Santorum hurt by Republican Delegate Selection Systems

The US presidential nomination and election system is profoundly undemocratic. The primary problem is money aka corporate power or capitalism.

The primary/caucus process varies greatly by state and the differences are HUGE. Delegates can be directly chosen by the primary, or there can be a process which requires a county convention followed by a state convention. Delegates can be bound (required to vote for a candidate) or completely unbound.

The Democratic nomination process is more democratic than the Republican one as it makes greater use of proportional voting.

The Republican system often uses winner take all at both the level of the Congressional District. This is undemocratic in of itself. However, what I'm interested in pointing out is a quirk in the system. Namely Santorum is winning more states that use a more proportional voting system, while Romney (and Gingrich) are winning states that use less proportional voting systems. This quirk is costing Santorum delegates.

For delegates, I'm using the CNN Delegate Estimates (VA Example). There are some large differences in delegate estimates for several states.

This chart shows the relationship between the % of votes that a candidate receives and the % of delegates that they get. Now while this is clearly NOT a linear relationship (as you gain more delegates when your vote increases from 40% to 50% than when it increases from 90% to 100%) this still shows that Santorum is getting less delegates than Romney for the same number of votes.

For instance, at 30% support Santorum will get around 30% of the delegates, but if Romney has 30% support he gets an average of approximately 38% of the delegates. So Romney is getting 27% more delegates per vote.

Gingrich is doing well in terms of delegates per votes, notably because he won landslides (in terms of delegates) in Georgia and South Carolina.

This chart shows the relationship between the candidate's lead and the percent of delegates that they get. If the candidate came in first place, then we calculate their lead by comparing them to the second place candidate. If the candidate is not in first, then they get a negative value that is the difference between their vote and that of the first place candidate.

I've approximated the relationship using a linear fit (which again isn't the most likely fit, but is the easiest to do).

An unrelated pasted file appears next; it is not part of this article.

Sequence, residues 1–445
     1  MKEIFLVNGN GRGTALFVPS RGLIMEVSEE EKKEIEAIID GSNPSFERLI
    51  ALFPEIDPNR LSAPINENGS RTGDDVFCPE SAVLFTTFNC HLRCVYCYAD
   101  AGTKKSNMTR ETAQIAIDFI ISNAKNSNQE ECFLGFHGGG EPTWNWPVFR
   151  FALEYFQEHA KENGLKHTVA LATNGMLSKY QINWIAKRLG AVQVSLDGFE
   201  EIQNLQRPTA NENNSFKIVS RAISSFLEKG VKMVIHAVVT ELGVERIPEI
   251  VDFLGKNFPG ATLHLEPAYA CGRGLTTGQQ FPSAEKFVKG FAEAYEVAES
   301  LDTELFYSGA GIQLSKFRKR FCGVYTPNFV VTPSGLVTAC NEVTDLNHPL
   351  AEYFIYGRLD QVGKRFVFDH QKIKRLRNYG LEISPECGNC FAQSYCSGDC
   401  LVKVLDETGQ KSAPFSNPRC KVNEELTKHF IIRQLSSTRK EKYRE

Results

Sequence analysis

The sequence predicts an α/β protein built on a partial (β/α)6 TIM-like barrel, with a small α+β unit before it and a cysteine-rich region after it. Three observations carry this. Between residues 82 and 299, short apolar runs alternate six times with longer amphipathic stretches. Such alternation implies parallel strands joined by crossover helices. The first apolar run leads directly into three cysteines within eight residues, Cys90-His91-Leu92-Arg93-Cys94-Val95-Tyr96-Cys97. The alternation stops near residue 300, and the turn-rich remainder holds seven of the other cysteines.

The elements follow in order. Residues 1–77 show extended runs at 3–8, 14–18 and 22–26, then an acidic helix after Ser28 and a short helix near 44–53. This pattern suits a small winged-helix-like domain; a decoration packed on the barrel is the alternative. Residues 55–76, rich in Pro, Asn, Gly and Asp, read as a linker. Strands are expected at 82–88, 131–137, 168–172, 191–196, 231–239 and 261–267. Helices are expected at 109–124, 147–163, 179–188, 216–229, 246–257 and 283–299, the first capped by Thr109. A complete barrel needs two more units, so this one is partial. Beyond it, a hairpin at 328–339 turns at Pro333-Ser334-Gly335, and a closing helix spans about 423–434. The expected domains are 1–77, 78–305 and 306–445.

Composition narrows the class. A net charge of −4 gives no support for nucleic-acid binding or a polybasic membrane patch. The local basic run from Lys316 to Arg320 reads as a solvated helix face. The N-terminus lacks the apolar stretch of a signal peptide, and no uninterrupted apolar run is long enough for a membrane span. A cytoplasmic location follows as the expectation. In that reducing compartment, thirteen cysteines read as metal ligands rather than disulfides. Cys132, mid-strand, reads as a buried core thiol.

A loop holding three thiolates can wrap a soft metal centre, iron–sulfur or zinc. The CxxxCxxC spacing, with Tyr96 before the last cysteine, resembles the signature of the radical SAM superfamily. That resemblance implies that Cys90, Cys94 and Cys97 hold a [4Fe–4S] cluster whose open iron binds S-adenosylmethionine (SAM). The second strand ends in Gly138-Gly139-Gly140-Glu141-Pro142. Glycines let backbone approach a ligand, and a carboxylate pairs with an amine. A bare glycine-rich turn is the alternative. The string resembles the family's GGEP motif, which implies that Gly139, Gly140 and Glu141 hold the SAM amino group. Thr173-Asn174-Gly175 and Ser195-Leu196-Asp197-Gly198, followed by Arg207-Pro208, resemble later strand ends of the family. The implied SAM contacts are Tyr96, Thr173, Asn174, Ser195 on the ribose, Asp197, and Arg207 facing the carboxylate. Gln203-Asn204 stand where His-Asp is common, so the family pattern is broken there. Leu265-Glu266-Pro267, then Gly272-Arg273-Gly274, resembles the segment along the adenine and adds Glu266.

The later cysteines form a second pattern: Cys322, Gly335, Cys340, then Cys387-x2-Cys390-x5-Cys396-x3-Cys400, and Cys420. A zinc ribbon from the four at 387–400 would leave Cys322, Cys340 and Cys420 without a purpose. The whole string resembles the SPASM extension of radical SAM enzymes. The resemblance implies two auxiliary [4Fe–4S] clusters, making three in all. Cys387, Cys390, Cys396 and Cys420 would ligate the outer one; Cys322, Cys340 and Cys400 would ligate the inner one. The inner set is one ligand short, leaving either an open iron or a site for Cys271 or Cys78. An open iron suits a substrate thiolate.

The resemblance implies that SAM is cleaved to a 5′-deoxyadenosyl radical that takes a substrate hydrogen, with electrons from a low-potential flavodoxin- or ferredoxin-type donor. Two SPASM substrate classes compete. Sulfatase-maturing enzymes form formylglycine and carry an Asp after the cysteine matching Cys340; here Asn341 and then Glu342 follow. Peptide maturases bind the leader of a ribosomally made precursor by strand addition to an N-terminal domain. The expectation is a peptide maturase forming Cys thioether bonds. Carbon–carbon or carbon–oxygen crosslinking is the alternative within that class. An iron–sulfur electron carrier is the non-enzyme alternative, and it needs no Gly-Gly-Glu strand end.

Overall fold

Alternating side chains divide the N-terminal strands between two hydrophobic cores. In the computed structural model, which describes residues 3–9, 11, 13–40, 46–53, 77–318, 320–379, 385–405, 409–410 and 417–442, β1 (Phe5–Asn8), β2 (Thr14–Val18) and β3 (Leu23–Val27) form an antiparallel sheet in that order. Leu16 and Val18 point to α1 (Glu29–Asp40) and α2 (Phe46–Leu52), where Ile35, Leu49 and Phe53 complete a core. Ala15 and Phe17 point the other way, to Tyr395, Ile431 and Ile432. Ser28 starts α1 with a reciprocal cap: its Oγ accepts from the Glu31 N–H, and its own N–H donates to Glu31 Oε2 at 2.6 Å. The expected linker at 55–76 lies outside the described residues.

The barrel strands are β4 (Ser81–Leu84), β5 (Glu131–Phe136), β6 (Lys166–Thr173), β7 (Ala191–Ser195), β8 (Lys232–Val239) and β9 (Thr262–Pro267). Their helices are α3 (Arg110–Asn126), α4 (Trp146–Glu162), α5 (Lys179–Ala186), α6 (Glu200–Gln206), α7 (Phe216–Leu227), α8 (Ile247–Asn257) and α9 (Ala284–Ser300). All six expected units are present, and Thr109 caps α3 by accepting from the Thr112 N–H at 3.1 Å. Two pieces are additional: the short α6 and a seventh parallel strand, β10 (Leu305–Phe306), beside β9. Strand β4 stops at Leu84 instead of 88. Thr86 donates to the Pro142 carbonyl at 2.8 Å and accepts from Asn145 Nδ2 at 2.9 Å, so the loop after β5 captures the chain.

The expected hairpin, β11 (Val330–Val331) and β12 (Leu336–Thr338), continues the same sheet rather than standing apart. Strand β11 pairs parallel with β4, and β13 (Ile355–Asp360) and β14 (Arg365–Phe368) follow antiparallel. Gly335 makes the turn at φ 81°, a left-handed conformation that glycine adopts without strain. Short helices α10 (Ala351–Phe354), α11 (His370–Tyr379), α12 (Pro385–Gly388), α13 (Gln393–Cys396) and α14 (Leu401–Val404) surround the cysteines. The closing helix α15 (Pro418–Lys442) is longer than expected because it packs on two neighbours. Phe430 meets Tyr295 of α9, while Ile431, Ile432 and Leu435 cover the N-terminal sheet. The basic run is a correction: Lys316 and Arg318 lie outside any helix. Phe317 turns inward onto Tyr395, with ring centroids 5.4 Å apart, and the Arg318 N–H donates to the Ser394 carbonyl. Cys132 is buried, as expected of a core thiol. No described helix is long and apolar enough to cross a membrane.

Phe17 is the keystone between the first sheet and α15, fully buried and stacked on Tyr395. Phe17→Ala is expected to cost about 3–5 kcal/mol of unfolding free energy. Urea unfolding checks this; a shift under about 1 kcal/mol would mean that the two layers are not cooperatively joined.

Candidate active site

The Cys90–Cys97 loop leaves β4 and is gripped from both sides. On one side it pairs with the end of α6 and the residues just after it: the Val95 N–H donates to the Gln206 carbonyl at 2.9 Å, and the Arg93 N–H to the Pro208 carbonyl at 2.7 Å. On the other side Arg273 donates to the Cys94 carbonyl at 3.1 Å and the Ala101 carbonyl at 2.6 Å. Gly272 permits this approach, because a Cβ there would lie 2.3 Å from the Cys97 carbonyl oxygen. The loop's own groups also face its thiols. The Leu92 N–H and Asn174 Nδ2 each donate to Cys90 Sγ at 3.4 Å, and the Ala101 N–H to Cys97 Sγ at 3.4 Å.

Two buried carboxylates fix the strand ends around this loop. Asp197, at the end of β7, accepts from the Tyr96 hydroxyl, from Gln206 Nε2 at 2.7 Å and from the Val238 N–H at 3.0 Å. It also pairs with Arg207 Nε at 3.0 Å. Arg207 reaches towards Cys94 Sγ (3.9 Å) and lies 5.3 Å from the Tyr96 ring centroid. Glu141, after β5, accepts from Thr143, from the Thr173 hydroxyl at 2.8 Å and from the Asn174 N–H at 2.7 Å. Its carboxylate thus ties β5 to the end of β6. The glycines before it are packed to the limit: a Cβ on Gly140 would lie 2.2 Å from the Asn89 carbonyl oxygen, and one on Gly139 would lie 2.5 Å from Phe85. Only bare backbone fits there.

This shows that with an equal lead, Romney gets more delegates than either Santorum or Gingrich. If Romney was tied first (eg had a 0% vote lead), Santorum would need to have an approximately 12% lead to get the same percent of delegates.

I'm not saying the system is biased against Santorum. I'm saying he is unlucky (like the Conservative party in the UK which in past elections received far fewer seats than Labour for the same national vote share).

I use a linear fit which isn't the best method. I suspect the linear fit (for my first chart) has a negative bias for candidates who typically get low vote shares. So this might make Santorum's delegate per votes lower than it should be. I'd like to see analysis done using another form of analysis.

Testing the Negative Bias

I removed the cases where Romney had a high vote percent, and some of them where Santorum did poorly to compare how many delegates per vote they would be getting if they were getting roughly equal vote shares.

I removed NH, FL, NV, AZ, ID, MA, VA and WY. In the remaining states, Santorum got a total of 426.5% and Romney got 437.8% - a lot closer than full result (where Romney gets a total of 867.9% and Santorum 545.2%).

This, admittedly arbitrary test, shows a similar result as my original test. Romney gets more delegates than Santorum. However, this pro-Romney bias is less pronounced. For instance, if Santorum is at 30% vote he gets about 32% of the delgates, and Romney at 30% gets about 36%. This 4% gap is HALF of what the first model showed.

Ohio and Virginia
Part of Santorum's problem is that he didn't field a full set of delegates in Ohio. He didn't run in Virginia which actually helps him in this model (as getting 0% delegates for 0% vote is better than the model predicts). Though in real life, not running in Virginia caused Santorum to lose delegates and under-perform his potential.

Small National Poll Lead for Romney
Romney currently has a 32.5% to 28.1% lead over Santorum in the national poll. I think Santorum isn't doing as well in actual contests because he lacks money, organization (due to his late ascendancy to a second place candidate), and because Romney is hitting him hard in states one at a time. So typically Santorum has a big lead in a state (like Ohio) and then, after Romney outspends and out-organizes him, he loses it.